"> Group takes B.C. government to court over COVID-19 ban on in-person church services – GLOBAL NEWS

Group takes B.C. government to court over COVID-19 ban on in-person church services

A group of 16 individuals and churches are going to court to fight B.C.’s ban on in-person religious services amid COVID-19.

The group includes the Langley Riverside Calvary Chapel, which has been fined $2,300 twice for holding in-person services.

Read more: Langley business owner frustrated with neighbouring church’s in-person services

It also includes three Chilliwack churches, believed to be those that are facing nearly $18,400 in fines for violating the COVID-19 Related Measures Act.

The Kelowna Harvest Fellowship and 100 Mile House Baptist Church have also signed on.

Click to play video 'Chilliwack churchgoers defy COVID-19 restrictions days after Mounties issue fines' 1:50 Chilliwack churchgoers defy COVID-19 restrictions days after Mounties issue fines

Chilliwack churchgoers defy COVID-19 restrictions days after Mounties issue fines – Dec 20, 2020

Marty Moore, a lawyer with the Calgary-based Justice Centre for Constitutional Freedoms, which is representing the group, said the ban on in-person religious services violates worshipers constitutional rights.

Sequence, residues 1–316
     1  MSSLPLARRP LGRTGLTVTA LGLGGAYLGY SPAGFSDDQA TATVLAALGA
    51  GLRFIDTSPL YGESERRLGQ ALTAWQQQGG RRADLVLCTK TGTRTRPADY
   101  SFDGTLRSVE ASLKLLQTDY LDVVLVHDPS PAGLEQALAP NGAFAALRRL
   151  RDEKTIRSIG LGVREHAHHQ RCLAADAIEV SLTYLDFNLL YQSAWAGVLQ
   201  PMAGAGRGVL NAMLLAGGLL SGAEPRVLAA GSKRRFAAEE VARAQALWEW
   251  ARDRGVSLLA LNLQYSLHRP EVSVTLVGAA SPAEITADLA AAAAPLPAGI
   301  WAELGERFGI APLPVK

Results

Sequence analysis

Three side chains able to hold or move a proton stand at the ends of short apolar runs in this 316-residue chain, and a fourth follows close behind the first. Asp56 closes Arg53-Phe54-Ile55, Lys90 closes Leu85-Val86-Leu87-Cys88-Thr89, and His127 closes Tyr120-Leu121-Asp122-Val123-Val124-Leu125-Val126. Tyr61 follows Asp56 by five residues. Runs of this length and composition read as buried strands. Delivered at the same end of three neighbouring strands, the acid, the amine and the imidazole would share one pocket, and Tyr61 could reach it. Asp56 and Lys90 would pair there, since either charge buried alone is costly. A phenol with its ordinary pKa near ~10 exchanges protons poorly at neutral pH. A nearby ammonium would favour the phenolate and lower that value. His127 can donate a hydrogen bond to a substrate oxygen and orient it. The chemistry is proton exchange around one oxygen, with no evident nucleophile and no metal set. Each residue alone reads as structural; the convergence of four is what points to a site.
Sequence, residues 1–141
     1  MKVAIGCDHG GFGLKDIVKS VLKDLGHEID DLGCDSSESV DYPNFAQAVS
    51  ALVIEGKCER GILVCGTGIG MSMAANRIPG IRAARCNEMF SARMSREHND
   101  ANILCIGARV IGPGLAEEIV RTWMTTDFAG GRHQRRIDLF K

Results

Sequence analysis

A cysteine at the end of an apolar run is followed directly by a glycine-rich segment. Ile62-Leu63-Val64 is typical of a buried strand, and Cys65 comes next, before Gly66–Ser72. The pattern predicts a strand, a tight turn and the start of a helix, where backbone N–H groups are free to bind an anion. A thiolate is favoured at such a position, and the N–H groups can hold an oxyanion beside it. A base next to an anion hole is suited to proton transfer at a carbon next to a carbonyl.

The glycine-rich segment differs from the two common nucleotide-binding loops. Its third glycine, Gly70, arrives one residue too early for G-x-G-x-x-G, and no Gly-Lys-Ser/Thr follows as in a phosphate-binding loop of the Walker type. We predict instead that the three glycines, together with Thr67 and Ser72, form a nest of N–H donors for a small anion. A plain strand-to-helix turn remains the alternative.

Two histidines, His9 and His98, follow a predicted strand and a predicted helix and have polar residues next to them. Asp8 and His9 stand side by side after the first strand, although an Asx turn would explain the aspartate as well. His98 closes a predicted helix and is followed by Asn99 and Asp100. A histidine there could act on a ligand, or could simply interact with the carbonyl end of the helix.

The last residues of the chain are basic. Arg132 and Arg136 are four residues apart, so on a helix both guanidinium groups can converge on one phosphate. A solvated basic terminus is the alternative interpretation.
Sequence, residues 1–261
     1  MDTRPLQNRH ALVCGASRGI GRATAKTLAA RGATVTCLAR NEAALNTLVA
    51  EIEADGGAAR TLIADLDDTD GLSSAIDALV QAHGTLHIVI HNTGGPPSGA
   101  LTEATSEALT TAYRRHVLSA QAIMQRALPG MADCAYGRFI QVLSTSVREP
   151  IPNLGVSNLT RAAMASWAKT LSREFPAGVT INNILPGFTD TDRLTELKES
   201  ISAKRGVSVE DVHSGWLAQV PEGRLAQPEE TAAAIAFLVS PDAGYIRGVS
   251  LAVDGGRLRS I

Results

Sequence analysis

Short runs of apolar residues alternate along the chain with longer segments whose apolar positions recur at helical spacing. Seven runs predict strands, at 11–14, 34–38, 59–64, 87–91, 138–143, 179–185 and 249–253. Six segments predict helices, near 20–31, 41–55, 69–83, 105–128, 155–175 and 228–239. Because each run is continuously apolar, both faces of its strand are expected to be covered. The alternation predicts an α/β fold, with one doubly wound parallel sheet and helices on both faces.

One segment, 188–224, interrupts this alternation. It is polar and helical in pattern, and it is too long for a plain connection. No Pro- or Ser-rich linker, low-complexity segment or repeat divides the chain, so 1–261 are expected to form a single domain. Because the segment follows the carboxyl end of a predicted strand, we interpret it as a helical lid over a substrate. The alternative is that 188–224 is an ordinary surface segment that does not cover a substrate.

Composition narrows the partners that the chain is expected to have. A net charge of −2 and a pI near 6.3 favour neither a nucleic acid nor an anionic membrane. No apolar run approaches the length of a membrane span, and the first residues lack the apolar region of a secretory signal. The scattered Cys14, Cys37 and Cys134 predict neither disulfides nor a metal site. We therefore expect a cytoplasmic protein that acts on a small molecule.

Story continues below advertisement

The group is also arguing that not everyone has access to live-streaming technology, meaning the ban discriminates by prevents them from participating in virtual worship.

“You and six of your five of your friends can go to a restaurant socially distanced, take your take your mask off while you’re eating, etc.,” he said.

Read more: Chilliwack RCMP issue $18,000 in fines to churches breaking COVID-19 restrictions

“But if you and anyone go to a religious building together for a service that is not allowed, regardless of any safety protocols in place at that place.”

Section two of Canada’s Charter of Rights and Freedoms guarantees freedom of conscience and religion.

Click to play video 'Despite enforcement threats, Fraser Valley churches again hold in-person services in violation of provincial health order' 1:53 Despite enforcement threats, Fraser Valley churches again hold in-person services in violation of provincial health order

Despite enforcement threats, Fraser Valley churches again hold in-person services in violation of provincial health order – Dec 13, 2020

Section one of the Charter also states that Canadians’ rights can be limited subject to “reasonable limits prescribed by law as can be demonstrably justified in a free and democratic society.”

Story continues below advertisement

B.C. health officials have been insistent that the restrictions are reasonable given the risk of COVID-19, and documented cases of transmission in religious settings.

[ Sign up for our Health IQ newsletter for the latest coronavirus updates ]

READ MORE: Northern Alberta prayer event linked to over a dozen positive COVID-19 cases in B.C.